Mining is by far considered as most hazardous for children, which even results in fatal injuries. A study commissioned in (year) by the ILO reports that children are involved in mining activities - doing shaft sinking work, tunnelling, floating and panning, hauling, compressor mining, operating ball mills, and in gold processing with mercury.

Since its founding 100 years ago, the ILO has consistently worked to improve labour and social issues in the mining sector. Ending child labour has always been central to the goals of the ILO. In fact, the first international standard to regulate minimum age was adopted in 1919. As we mark our centenary this year, we remain steadfast in our commitment to help end child labour and to safeguard the rights and welfare of workers, hand in hand with our tripartite partners – government, workers and employers.

Currently, ILO is implementing the CARING Gold Mining Project, funded by the United States Department of Labor (USDOL) and implemented with BAN Toxics. It is a capacity-building project that aims to establish a convergence of different government agencies, local government units, mining communities, and other stakeholders to address issues and concerns of child labour and working conditions in ASGM.

At this point, it is worthy to highlight some recent significant developments in this sector. ILO is working with the DSWD and the local Government of Camarines Norte in implementing a child labour case management system, which seeks to detect and address the incidence or engagement of children in informal work settings.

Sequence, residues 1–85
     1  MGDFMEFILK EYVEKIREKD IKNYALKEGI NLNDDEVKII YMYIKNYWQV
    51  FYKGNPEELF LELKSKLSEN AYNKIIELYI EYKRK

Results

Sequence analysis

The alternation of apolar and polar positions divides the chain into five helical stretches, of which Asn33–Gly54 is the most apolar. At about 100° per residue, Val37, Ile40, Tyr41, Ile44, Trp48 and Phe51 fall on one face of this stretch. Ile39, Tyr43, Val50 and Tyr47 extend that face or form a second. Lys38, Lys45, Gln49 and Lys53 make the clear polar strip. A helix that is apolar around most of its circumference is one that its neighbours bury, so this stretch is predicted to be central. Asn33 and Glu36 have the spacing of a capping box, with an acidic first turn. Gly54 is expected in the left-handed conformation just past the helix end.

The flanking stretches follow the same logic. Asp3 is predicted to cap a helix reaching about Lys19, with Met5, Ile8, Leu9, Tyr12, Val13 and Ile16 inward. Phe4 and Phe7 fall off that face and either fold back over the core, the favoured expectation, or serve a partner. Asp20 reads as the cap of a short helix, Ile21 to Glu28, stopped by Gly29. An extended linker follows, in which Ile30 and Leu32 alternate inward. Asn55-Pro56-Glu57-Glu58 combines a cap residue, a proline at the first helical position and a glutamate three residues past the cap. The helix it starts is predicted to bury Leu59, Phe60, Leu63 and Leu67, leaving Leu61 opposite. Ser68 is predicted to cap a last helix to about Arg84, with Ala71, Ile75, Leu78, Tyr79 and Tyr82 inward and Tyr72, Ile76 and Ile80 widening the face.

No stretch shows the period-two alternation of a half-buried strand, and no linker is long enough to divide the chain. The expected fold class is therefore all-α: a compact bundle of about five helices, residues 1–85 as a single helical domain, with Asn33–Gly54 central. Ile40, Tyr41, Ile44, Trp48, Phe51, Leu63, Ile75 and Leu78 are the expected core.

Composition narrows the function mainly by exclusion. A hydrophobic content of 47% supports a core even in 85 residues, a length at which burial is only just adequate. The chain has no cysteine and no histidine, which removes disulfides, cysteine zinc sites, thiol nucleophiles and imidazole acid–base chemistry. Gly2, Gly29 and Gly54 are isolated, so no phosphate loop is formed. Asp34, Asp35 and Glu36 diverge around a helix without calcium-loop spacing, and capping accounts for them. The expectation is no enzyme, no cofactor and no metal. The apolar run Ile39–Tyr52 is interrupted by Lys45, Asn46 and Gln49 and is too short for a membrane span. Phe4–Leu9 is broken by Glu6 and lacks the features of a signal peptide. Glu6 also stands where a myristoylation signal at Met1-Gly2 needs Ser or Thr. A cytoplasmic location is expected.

ILO, in partnership with BAN Toxics, is helping mining communities in Camarines Norte and South Cotabato transition from the informal to formal economy. In September last year, Barangay Malaya in Labo, Camarines Norte was recommended to be declared as a “Minahang Bayan” for small-scale gold mining.

At the same time, ILO supports the full operationalization of the Strategic Helpdesks for Information, Education, Livelihood and other Developmental Interventions, or the SHIELD Programme with the DSWD, in the CARING Gold Project’s pilot areas. We also seek to further strengthen the Provincial Mining Regulatory Board (PMRB) in South Cotabato, and assist target mining communities realize their goal of formalization.

Finally, ILO endeavours to implement more activities to contribute toward the crafting of laws, policies and programs for ASGM.

ILO puts great emphasis on decent work in this sector - safety and security in the workplace, social protection for families, providing alternative opportunities for productive employment that delivers a fair income, recognition of rights at work and social dialogue, and social integration, among other aspirations.

This is our hope for the small-scale mining sector—a community without child labour, a sector with safe working conditions—which is very much at the heart of the CARING Gold Mining Project.

I thank you for your continued support, partnership and commitment to achieve our common goals and objectives. Let me, therefore, wish you all a successful and productive workshop.

Thank you and have a good day!

1 BAN Toxics, The Price of Gold: Mercury Use and Current Issues Surrounding Artisanal and Small-Scale Gold Mining in the Philippines

2 A Rapid Assessment of Gold and Financial Flows linked to Artisanal and Small-Scale Gold Mining in the Philippines FOLLOW THE MONEY: THE PHILIPPINES

3 National Strategic Plan for the Phaseout of Mercury in Artisanal and Small-Scale Gold Mining in the Philippines 2011-2021

4 United Nations Environment Programme (UNEP)